• Thursday, April 18, 2024
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Re-evaluating the $2.4bn invalid forex transactions

Re-evaluating the N2.4 billion invalid forex transactions

It is a welcome development that the Senate recently opened an investigation into the alleged $2.4 billion foreign exchange transactions pronounced invalid by the Central Bank of Nigeria (CBN) from the outstanding $7 billion obligations.

Olayemi Cardoso, the CBN governor earlier this month, said that a forensic audit of $7 billion of overdue foreign exchange transactions the bank had been trying to clear uncovered irregularities around $2.4 billion in transactions.

It is hard to fault CBN, but obviously, the outcome of the probe by the Upper Chambers will reveal the true situation in the transactions by either identifying the culprits and bringing them to justice or validating some of the transactions declared invalid.

It is possible that some of the transactions declared invalid could have resulted from unverified or non-provisional documentation.

This position was underscored by organisations like Social Integrity Network (SINET), which, in a report published in Eagle Online, requested that CBN reconsider honouring the forward contracts that are eventually found to be genuinely backed up with proper compliant documents for utilisation against each Letter of Credit opened by the commercial banks using the forwards as a hedge.

While any action associated with fake foreign exchange transactions could be regarded as economic sabotage, it is appropriate and welcome that the Senate is stepping in for a second look to possibly separate the wheat from the chaff by perhaps identifying the genuine ones. It is also appropriate that the Senate is wading in on the lack of consultation with the manufacturers before the amount was invalidated.

The Senate probe, which will eventually identify those who are guilty and perhaps absolve some firms of blame, will help to obviate the repercussions of the invalidated forward contracts for some of the companies.

In the end, honouring the forward contracts that are eventually found to be genuinely backed up with proper compliant documents will definitely ease some of the pressures experienced by the manufacturers, who are facing a number of challenges already.

“An average member of MAN is subjected to no less than 30 different forms of taxes, fees, and levies. The consequences of the incidence of multiple taxes are immense and include the rising cost of doing business and rapid divestment in the manufacturing sector. These issues combine to depress demand, worsen job losses, and increase the incidence of poverty and low revenue generation from the sector,” MAN says in a report. In addition to epileptic electricity supply, poor road network, poor water supply, and insecurity about the distribution of goods, other serious impediments hampering the growth of the manufacturing sector in Nigeria include poor infrastructure and inefficient port facilities.

For an industry analyst, it is important to identify the genuine companies that are perhaps wrongly grouped in the invalidation, and that is why the Senate probe is considered crucial at this time. Ordinarily, the adverse effect of the invalidation on all the manufacturers, whether genuine or not, will be disastrous. This is premised on the fact that the forwards have been utilised to establish LCs for valid Form M transactions at rates within N600/USD, and the repayments of the obligations would have to be done at N1,500/USD. Due to the devaluation of the naira, the invalidation by the CBN has increased the cost of transactions by N900/USD for genuine and non-genuine businesses. It is important that the genuine ones be spared from this huge business loss.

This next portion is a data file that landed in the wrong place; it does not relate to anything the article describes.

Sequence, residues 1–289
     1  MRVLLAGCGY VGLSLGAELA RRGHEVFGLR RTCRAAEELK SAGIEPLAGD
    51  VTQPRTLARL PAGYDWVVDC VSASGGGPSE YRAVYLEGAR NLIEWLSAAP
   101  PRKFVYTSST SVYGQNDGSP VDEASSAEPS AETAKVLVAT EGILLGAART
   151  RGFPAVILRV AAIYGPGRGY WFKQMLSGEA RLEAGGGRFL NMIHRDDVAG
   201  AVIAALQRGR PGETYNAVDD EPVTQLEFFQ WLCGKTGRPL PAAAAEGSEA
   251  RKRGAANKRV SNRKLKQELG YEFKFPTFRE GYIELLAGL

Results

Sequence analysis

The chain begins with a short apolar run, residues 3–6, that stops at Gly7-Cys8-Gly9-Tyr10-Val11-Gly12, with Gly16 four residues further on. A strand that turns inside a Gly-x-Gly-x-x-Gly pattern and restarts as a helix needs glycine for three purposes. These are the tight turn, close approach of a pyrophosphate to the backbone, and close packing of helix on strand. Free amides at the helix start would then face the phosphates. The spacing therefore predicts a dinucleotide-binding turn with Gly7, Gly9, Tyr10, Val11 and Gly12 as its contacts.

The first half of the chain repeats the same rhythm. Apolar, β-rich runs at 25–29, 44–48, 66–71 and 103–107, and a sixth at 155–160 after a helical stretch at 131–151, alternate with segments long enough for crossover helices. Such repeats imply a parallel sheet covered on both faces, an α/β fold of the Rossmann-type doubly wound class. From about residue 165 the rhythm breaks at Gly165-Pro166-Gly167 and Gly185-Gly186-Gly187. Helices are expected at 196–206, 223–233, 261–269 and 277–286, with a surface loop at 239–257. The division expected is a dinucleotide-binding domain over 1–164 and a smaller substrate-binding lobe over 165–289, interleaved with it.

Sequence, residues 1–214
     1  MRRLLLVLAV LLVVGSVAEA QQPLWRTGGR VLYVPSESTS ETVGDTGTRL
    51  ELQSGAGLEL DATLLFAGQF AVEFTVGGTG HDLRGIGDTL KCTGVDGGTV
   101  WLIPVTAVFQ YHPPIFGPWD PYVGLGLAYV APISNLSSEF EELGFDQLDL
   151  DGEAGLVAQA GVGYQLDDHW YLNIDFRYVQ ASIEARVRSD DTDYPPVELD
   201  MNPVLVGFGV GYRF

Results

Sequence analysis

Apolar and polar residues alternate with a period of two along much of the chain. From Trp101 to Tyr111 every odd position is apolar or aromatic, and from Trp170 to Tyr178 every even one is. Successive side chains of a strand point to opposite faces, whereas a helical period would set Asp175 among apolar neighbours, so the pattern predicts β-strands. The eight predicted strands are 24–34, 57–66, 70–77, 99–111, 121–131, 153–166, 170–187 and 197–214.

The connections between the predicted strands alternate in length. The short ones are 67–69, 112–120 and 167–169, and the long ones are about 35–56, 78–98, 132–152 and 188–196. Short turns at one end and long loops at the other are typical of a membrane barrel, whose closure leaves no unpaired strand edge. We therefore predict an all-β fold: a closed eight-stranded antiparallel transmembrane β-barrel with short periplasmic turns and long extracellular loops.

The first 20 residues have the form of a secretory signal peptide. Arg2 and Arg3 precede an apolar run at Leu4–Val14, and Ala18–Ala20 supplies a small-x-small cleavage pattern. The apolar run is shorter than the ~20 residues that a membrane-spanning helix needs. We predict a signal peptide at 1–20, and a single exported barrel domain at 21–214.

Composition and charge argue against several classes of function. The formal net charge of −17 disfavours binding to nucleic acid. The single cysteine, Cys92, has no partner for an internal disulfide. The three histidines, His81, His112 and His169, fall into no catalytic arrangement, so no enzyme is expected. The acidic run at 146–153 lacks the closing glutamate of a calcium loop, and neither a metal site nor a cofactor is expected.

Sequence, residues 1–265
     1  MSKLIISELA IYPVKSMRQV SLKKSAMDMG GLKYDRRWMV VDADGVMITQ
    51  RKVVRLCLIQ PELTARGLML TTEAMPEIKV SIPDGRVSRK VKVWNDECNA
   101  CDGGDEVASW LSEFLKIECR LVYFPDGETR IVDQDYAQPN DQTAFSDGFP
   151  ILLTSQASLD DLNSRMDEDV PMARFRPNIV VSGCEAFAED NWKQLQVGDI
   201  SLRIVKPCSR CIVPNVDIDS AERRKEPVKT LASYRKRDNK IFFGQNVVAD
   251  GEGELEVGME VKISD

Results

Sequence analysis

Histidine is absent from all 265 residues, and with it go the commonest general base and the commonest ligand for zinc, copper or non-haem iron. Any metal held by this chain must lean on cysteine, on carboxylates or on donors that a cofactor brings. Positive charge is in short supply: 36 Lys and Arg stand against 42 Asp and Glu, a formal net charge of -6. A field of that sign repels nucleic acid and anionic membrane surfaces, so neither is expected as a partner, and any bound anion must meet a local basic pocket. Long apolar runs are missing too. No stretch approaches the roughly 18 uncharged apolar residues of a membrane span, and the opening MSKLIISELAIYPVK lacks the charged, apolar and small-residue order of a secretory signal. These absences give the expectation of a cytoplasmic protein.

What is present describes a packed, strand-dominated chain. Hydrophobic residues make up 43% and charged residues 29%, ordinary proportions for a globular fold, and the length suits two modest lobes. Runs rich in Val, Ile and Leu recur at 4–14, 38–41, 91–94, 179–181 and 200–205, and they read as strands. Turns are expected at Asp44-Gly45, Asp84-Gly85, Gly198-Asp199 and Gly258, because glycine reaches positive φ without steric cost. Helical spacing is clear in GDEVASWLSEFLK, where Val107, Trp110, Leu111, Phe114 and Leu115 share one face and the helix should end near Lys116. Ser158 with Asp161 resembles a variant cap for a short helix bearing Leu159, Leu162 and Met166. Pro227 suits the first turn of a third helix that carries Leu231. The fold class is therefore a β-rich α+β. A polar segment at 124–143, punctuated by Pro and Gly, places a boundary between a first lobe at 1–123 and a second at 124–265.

The analyst further argues that some of the adverse effects of this cancellation on genuine companies and even those who tendered wrong documents for the forex deals include a possible increase in the unemployment rate: Due to the increased cost of operations, various companies would be forced to downsize their workforce. This will lead to a high unemployment rate within the country.

Though the number of those companies involved in the invalidated $2.4 billion forex transactions is not ascertained, it is obvious that the invalidation would affect the manufacturing sector.

The industry is currently burdened by the effects of fuel subsidy removal and devaluation of the naira, which have led to a hyper-increase in the cost of production. With the cancellation of forward contracts for any genuine manufacturer who has already utilised it for LC establishments, shipment, and costing of products, it would be practically impossible to recover this cost on current production.

It is pertinent to state that genuine businessmen and women across the country borrowed funds from commercial banks, some with interest rates as high as 30 percent, to secure forex from the CBN through their respective commercial banks since the CBN does not sell the dollars to individuals directly. The same funds were deposited with CBN for the past 1 and a half years for forwards allocated, for which many of them are declared invalid.

To the analyst, it is important for the CBN to re-evaluate this invalidation and ensure that customers with valid export documentation are exempted from the list of invalid forward contract obligations. This can be ascertained by requesting documents to prove that the funds were used for importation.

This will help the CBN separate genuine customers that have utilised the forex allocation for legitimate business from those who may have diverted the forex for other uses.

DANIEL OBI; Editor, Marketing and Brands: BusinessDay Media